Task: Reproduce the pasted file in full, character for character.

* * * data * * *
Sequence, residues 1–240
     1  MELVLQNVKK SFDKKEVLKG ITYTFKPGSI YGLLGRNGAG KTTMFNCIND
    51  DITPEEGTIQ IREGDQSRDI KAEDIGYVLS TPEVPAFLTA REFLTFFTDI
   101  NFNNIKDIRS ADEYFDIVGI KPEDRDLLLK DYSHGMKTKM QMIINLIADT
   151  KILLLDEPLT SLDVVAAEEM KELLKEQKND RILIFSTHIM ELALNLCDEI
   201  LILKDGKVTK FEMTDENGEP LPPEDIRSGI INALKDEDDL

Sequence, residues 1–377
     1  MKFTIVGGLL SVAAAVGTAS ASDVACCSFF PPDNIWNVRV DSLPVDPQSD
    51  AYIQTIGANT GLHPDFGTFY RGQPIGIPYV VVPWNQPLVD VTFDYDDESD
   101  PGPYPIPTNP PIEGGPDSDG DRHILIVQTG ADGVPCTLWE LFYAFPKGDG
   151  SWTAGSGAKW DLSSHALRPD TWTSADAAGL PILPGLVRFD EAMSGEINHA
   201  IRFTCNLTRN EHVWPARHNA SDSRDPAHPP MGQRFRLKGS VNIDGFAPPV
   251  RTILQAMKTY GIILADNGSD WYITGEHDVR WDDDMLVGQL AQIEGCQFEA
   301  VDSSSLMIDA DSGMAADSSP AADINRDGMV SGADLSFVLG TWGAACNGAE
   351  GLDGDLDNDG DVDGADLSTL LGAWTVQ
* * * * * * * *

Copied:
Sequence, residues 1–240
     1  MELVLQNVKK SFDKKEVLKG ITYTFKPGSI YGLLGRNGAG KTTMFNCIND
    51  DITPEEGTIQ IREGDQSRDI KAEDIGYVLS TPEVPAFLTA REFLTFFTDI
   101  NFNNIKDIRS ADEYFDIVGI KPEDRDLLLK DYSHGMKTKM QMIINLIADT
   151  KILLLDEPLT SLDVVAAEEM KELLKEQKND RILIFSTHIM ELALNLCDEI
   201  LILKDGKVTK FEMTDENGEP LPPEDIRSGI INALKDEDDL

Sequence, residues 1–377
     1  MKFTIVGGLL SVAAAVGTAS ASDVACCSFF PPDNIWNVRV DSLPVDPQSD
    51  AYIQTIGANT GLHPDFGTFY RGQPIGIPYV VVPWNQPLVD VTFDYDDESD
   101  PGPYPIPTNP PIEGGPDSDG DRHILIVQTG ADGVPCTLWE LFYAFPKGDG
   151  SWTAGSGAKW DLSSHALRPD TWTSADAAGL PILPGLVRFD EAMSGEINHA
   201  IRFTCNLTRN EHVWPARHNA SDSRDPAHPP MGQRFRLKGS VNIDGFAPPV
   251  RTILQAMKTY GIILADNGSD WYITGEHDVR WDDDMLVGQL AQIEGCQFEA
   301  VDSSSLMIDA DSGMAADSSP AADINRDGMV SGADLSFVLG TWGAACNGAE
   351  GLDGDLDNDG DVDGADLSTL LGAWTVQ